Author Topic: The Coming Demise of the US Dollar? (From France)  (Read 174 times)

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Offline rangerrebew

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The Coming Demise of the US Dollar? (From France)
« on: June 30, 2014, 05:19:41 PM »
Voix de Russie, France

The Coming Demise of the US Dollar?

By Editorial

Translated By  Michael Krimian

 19 June 2014

Edited by Lau­rence Bouvard

 France - Voix de Russie - Original Article (French)

Interviewer: Jacques Sapir, we wanted to have your point of view on economic realities, namely the engagement between Russia and China regarding their energy independence in the gas and oil sectors. February 2014 marked a turning point: The U.S. might no longer be the economic pillar on the international scene. Are the implications real?

 J. Sapir: Certainly, the recent initiatives taking by the Russian and the Chinese governments have potential repercussions. Indeed, the U.S. dollar has three functions on the international scene: First, it is a unit of account, as many prices are calculated on a dollar basis, not only gas or oil, but raw materials such as metals, cereals, etc. …; second, it is a unit of transaction, that is, the currency used to make and pay off international deals; and third, it is a reserve currency. What this new Russo-Chinese deal wants to change is the use of the dollar as a unit of transaction in specific transactions such as notably those regarding energy deals. It seems it will happen but that implies that the Russian ruble will be recognized in China, which is already the case, and that the Yuan will be recognized in Russia, which has been the case since the end of last year, the date on which the Yuan was first listed on the Russian stock market. On a bigger scale, this deal echoes reiterated concerns from a series of countries — including those from the Persian Gulf region and Latin America which are raw material manufacturers — which want out of the dollar zone as a unit of transaction. In addition, the complaint filed by the U.S. government against the French bank BNP Paribas is based on the fact that financial transactions were made contrary to U.S. laws, as the bank was using dollars and the clearinghouse of the dollar is in the U.S. This extremely complex legal issue has worried a number of countries which use the dollar as a unit of transaction, and can only prompt them to use another transaction currency instead.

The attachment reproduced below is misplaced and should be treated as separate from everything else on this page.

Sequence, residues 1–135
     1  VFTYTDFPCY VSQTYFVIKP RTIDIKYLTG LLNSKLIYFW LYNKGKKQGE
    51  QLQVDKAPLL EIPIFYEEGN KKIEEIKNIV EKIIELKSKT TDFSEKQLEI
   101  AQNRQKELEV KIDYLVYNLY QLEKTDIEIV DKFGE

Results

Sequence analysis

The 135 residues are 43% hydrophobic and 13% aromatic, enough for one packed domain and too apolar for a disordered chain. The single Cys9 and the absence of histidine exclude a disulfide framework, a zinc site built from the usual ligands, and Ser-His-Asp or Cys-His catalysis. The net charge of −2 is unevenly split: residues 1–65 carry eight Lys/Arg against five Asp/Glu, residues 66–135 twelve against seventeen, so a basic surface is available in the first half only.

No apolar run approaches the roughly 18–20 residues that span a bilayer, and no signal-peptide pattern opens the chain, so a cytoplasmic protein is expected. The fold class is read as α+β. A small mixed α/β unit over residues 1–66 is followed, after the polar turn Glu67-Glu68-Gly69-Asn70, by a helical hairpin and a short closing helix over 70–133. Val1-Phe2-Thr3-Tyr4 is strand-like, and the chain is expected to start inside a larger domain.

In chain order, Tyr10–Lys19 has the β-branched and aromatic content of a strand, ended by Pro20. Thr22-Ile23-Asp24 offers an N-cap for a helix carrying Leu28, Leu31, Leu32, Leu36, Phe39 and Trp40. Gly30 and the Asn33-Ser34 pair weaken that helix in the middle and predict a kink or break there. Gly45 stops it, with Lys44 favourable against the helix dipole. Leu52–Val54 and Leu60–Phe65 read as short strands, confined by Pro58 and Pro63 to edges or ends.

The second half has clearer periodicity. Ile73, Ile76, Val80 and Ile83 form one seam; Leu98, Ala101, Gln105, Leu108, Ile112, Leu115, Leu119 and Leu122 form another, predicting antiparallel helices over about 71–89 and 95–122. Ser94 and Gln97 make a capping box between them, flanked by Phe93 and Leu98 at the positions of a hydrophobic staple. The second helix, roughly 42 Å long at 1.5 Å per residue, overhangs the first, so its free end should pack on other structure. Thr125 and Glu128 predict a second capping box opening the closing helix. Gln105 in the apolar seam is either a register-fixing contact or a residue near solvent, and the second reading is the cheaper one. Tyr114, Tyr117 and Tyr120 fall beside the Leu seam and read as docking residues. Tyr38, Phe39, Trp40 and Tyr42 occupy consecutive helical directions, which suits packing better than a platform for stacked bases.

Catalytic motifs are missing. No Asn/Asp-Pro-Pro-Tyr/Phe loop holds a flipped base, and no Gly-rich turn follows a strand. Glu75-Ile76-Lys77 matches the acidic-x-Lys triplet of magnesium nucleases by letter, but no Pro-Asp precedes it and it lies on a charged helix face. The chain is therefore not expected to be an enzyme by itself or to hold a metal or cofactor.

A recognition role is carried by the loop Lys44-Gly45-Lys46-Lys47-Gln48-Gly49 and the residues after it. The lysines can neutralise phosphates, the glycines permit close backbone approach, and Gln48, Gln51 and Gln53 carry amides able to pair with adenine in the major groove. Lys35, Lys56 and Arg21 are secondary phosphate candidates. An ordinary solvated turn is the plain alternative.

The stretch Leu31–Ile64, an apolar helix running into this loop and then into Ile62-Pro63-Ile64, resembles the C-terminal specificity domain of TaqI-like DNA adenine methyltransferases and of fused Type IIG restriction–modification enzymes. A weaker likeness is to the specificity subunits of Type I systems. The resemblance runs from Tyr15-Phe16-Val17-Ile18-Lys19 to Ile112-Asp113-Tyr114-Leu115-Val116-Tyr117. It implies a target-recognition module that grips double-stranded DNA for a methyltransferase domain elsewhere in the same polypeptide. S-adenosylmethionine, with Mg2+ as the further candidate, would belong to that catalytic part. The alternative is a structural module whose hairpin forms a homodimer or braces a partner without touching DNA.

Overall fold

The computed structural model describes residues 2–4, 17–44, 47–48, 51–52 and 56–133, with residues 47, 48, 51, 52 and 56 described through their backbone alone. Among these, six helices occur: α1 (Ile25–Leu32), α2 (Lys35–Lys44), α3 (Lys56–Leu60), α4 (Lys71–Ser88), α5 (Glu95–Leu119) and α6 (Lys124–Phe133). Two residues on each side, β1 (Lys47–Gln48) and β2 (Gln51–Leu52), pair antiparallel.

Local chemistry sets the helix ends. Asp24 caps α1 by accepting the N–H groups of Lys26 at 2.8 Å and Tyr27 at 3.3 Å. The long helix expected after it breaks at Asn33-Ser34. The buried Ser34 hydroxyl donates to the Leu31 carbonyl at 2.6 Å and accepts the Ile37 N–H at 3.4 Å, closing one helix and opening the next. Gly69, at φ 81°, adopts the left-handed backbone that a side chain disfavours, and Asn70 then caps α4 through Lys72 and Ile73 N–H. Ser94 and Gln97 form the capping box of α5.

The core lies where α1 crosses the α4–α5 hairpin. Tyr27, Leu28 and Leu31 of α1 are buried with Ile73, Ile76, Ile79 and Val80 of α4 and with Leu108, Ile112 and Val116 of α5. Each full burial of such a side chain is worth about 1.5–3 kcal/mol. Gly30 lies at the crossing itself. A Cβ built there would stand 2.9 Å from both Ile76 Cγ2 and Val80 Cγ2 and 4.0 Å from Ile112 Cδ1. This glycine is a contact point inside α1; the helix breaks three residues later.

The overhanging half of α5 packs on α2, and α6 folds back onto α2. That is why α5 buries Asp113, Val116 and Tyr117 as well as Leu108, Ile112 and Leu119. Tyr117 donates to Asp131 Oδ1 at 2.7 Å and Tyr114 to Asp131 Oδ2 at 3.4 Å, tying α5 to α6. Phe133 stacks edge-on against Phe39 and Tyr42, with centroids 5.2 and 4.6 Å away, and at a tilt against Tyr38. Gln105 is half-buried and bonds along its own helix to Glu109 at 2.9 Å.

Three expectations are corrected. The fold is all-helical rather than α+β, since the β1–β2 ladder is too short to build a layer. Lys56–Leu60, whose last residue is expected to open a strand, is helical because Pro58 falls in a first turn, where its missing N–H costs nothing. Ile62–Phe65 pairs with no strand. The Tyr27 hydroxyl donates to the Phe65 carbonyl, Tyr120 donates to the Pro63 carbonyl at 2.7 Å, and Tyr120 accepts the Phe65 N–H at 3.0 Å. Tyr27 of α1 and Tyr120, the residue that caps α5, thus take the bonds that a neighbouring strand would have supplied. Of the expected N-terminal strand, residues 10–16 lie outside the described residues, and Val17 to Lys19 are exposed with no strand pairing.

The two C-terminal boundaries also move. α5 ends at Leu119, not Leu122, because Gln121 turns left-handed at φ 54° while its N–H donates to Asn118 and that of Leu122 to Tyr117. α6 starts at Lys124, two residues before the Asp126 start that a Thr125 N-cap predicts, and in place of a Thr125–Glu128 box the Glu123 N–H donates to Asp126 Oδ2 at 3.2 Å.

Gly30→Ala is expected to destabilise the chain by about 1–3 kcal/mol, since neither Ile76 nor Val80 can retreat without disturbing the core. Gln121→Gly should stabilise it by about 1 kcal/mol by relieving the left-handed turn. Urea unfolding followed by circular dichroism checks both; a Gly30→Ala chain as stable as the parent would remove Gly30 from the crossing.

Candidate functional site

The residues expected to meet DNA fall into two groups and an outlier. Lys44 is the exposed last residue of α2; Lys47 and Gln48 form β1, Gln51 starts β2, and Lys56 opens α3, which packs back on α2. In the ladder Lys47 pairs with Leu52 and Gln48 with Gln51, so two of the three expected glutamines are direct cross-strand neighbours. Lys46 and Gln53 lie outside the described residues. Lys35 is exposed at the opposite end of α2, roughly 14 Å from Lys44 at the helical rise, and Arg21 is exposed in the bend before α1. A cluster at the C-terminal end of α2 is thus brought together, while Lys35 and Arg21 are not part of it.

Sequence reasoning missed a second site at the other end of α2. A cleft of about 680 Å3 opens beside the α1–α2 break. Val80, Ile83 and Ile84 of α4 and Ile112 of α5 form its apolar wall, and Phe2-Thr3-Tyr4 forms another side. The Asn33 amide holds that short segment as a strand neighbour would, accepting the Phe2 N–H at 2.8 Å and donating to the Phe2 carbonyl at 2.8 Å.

Interviewer: A second question. Do you believe in the creation of a new reserve currency such as bitcoin, a digital currency, or the euro, despite the latter being in turmoil? You are a specialist in geopolitics and high finance; do you believe in the blossoming of a new sole monopolistic reserve currency or a multitude of reserve currencies in disparate regions?

 J. Sapir: That issue is a very old one. The dollar as a reserve currency was strongly questioned by General de Gaulle in 1965-66. For each economic and financial crisis, this issue is regularly brought to the fore. Nowadays, the current system based on the dollar, which is not exclusively but largely dominant as a reserve currency, is not satisfactory. It is blatant in the structural reserve of central banks. For instance, there is the dollar, the euro, and new currencies such as the Canadian/Australian/Singaporean dollar etc. … Evidently, there is at the very least a need for diversification, and maybe a desire for structural change.

 From this vantage point, it is clear what the alternative is. To operate a change in the international monetary system, the political situation must be ready for an international conference mirroring the 1944 Bretton Woods conference. At the moment, it seems the time has not yet come since the U.S., which profits from the current situation, will do anything to maintain the current system, or at least slow down the changing process. The other face of this alternative is the development of currencies which, at a regional level, adopt the role of regional reserve currency. I believe, for instance, that it is China’s ambition to convert the Yuan into a regional reserve currency of the Asia-Pacific countries, perhaps in combination with the Australian and Singaporean dollar. Moreover, it is known that Russia wants the ruble to be a reserve currency for the members of the Community of Independent States. As a result, the emergence of different currencies will progressively erode the position of the dollar as currency reserve.
« Last Edit: June 30, 2014, 05:20:25 PM by rangerrebew »
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